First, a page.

‘I thought I was going to die’ - Woman, 76, survives on cheese after pension department thought she was already dead
- Credit: Nick Butcher
A widow was forced to survive for weeks on cheese leftover from her husband's funeral after the pension department wrongly thought she had died.
Diane Geraghty, from Lowestoft, was left starving when the money she depended on to buy food and pay bills suddenly stopped in May.
The 76-year-old is meant to receive £166.42 each week from her pension and injury disablement benefit.
However from early May until July she received nothing after an 'administrative error' at the Department for Work and Pensions stated she had died.
Mrs Geraghty made initial enquiries with her bank to find out what had happened but decided to keep it secret from family and friends – her two sons who live in America are still unaware of the ordeal.
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She said: 'It's the way I was bought up; to be independent and look after myself.
'I didn't want to go banging on people's doors; it would have felt like begging.
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'I lived off leftover cheese from my husband's funeral – I just had a couple of slices each day.
'I know it seems mad but I wasn't thinking straight at the time.'
On April 20 Mrs Geraghty lost her 'kind' and 'gentle' husband of 25 years, Joseph Michael Geraghty, who died from pulmonary complications.
She said: 'It was horrible - it was like watching a man drown without the water.'
The lack of food soon began to take its toll on the mourning widow.
She said: 'I was confused and upset, I didn't want to go outside because I was all over the place and people would have thought I was drunk.
'I was frightened to use the phone because I didn't have any money to pay the phone bill.
'I was so weak I thought I was going to die.
'I had to use my husband's chairlift because I didn't have the strength to get up the stairs.'
Mrs Geraghty added: 'I had terrible nerves and lost two stone in weight. I didn't know which way to turn.'
In the end it was an act of kindness from a complete stranger which saved Mrs Geraghty.
In mid-June David Kinsella, 67, was walking by the pensioner's house when he noticed her looking distressed in the front garden.
He said: 'She looked like she was about to burst into tears so I started chatting to her and she told me this awful story.
'The poor lady was in a right state; no money for food or anything at all.
'She seemed all alone in the world.'
Mr Kinsella explained she could get emergency food from foodbanks – something Mrs Geraghty was completely unaware of – and offered to help contact the pension department from his phone to sort the issue.
He took the starving woman to Lowestoft Foodbank's Whitton Life Café where she received her first meal in more than a month.
Mrs Geraghty said: 'David was my saviour.
'The people at the foodbank were so nice – that first slice of bread and butter was heaven.
'They brought me a cheese and tomato sandwich and a big mug of tea.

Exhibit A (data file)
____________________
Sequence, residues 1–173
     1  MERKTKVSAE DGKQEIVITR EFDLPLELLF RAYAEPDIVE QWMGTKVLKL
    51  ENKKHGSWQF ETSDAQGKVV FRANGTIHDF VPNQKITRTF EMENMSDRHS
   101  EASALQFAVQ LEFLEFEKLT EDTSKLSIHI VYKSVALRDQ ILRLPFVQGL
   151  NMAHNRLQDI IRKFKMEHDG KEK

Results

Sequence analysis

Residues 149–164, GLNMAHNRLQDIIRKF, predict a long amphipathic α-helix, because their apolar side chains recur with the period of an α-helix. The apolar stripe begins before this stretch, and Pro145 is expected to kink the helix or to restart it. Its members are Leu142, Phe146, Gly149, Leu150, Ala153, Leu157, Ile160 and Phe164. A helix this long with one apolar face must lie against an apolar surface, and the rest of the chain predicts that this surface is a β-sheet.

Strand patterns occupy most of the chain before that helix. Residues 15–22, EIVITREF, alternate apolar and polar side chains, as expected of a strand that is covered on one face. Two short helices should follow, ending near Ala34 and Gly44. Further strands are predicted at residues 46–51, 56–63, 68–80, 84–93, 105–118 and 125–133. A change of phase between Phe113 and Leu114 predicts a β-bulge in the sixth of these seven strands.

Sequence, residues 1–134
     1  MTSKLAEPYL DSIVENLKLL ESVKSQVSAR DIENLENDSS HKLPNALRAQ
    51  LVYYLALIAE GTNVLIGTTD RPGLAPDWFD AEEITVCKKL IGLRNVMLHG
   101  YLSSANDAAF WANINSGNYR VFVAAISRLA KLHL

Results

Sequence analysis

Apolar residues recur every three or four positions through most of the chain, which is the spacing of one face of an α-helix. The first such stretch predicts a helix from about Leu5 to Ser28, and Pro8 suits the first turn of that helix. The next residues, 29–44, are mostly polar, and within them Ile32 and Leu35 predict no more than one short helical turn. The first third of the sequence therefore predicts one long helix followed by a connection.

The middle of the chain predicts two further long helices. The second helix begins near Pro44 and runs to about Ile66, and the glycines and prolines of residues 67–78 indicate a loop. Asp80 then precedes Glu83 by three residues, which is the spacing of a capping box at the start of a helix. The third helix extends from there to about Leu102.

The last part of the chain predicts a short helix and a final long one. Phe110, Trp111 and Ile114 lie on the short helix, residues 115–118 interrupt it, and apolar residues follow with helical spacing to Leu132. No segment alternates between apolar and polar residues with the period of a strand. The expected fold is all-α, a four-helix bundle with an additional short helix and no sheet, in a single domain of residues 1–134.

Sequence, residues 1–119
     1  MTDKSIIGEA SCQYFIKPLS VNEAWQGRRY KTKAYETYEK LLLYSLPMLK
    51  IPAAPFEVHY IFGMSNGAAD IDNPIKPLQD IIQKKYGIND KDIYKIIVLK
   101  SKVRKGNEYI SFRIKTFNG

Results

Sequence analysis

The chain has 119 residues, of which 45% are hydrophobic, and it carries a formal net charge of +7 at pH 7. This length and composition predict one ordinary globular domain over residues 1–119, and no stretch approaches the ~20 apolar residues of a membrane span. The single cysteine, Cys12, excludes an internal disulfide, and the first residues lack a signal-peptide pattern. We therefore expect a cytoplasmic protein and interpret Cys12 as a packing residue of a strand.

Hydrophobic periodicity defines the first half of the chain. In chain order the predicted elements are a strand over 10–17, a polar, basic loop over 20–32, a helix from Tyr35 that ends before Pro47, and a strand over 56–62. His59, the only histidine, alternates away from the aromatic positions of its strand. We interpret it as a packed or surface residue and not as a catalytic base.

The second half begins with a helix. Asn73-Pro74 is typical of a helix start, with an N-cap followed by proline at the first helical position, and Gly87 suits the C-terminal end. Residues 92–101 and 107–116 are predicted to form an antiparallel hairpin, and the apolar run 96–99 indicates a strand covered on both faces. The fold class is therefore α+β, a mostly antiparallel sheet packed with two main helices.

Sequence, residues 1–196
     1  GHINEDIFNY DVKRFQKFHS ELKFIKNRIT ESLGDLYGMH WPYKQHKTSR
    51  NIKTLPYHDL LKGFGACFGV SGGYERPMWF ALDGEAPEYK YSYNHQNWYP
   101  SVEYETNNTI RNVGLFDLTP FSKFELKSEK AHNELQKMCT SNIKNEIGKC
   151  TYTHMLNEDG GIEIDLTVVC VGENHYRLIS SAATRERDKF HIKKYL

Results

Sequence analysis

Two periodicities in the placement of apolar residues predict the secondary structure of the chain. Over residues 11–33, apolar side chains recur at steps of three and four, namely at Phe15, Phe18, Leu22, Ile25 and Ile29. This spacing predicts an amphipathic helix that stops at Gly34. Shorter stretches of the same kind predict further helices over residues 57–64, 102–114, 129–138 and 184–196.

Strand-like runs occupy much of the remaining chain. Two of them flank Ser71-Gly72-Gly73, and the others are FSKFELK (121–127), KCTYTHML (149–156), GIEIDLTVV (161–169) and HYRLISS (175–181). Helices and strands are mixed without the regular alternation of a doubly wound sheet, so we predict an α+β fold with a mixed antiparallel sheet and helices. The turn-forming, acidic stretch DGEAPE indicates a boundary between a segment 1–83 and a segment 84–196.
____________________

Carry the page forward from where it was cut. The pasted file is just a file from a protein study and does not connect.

'They gave me two big bags of food and a bag of food for the doggies – they had food in from before so didn't suffer at all thank god.'
With the support of Mr Kinsella the widow was finally able to contact the pension department and rectify the devastating error.
A spokesman for the Department for Work and Pensions said: 'We apologise unreservedly for the disruption to Mrs Geraghty's State Pension and Disability Living Allowance payment, which resulted from an administrate error.
'We issued an arrears payment on July 2, as soon as we became aware of the problem and the correct payment schedule has now been restored.
'We are carrying out an urgent case review to learn any lessons from this and ensure it does not happen again.'
However Mrs Geraghty is still in disbelief at how the mistake occurred at all.
She said: 'I think it's dreadful this happened in the first place. If other elderly people are going through this they could starve to death.
'It's an awful thing I wouldn't want anyone to go through.'
The months of unnecessary suffering which Diane Geraghty endured has highlighted the essential role of foodbanks within local communities.
Lowestoft Foodbank provides emergency food from various locations around the town six days a week to alleviate food poverty and support people most in need.
Ben Parish, who helps run the foodbank, said: 'You wish it wasn't vital but the reality is due to low income or delays in benefits people are struggling to feed themselves and their household.
'When someone is identified as being in need they receive a voucher which they then take to one of our distribution centres.'
Each visitor receives an emergency food provision which lasts three days.
The charity also provides social support for its users, taking the time to sit and chat with the vulnerable and elderly and turn them onto other services which be of benefit.
For more information on the foodbank and the services it offers visit: www.lowestoft.foodbank.org.uk or call 01502 537 527.